Targeting miRNA by tunable small molecule binders: peptidic aminosugar mediated interference in miR-21 biogenesis reverts epithelial to mesenchymal transition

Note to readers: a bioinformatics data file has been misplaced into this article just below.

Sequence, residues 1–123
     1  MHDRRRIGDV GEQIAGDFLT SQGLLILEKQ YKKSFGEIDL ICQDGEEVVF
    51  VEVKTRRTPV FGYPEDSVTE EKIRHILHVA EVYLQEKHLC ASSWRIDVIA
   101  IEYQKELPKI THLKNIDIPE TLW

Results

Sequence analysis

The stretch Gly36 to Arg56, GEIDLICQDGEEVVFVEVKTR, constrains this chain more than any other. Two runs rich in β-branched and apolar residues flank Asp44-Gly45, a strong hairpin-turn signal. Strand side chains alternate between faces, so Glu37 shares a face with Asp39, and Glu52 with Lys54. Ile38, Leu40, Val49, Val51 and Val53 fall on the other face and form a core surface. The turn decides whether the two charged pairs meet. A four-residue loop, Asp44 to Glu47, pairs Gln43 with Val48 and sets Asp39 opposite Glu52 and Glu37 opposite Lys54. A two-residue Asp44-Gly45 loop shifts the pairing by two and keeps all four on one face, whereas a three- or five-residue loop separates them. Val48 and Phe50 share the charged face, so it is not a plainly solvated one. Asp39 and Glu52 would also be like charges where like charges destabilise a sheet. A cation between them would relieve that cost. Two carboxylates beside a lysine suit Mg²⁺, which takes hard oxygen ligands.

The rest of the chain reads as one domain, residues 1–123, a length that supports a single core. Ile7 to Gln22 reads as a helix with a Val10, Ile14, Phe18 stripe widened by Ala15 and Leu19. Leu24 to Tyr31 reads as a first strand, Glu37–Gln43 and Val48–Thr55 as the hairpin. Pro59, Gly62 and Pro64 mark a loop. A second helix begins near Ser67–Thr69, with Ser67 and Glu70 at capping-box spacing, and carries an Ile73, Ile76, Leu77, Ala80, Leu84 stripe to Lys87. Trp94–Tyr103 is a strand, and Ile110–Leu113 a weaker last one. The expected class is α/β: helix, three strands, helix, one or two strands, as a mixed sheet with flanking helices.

Epithelial to mesenchymal transition (EMT) is a process in which epithelial cells lose cell polarity and cell–cell adhesion and gain migratory and invasive properties to become mesenchymal cells that are very vital for development, wound healing and stem cell behavior and contribute pathologically to fibrosis and cancer progression. miR21, a potent regulator of the tumor suppressor gene PTEN, can be silenced to reverse EMT, thereby providing an attractive target for abrogating the malignant behavior of breast cancer. Here, we report the design, synthesis and binding of a peptidic-aminoglycoside (PA) based chemical library against pre-miR21 that led to the identification of a group of small molecules that bind to pre-miR21 with high affinities and antagonize miR-21 maturation and function, thereby reversing EMT. The approach described here offers a promising miRNA targeting platform where such aminosugar conjugates can be similarly used to target other oncogenic miRNAs. Minor changes in the amino acid sequence allow us to tailor the binding effectiveness and downstream biological effects, thus making this approach a potentially tunable method of regulation of miRNA function.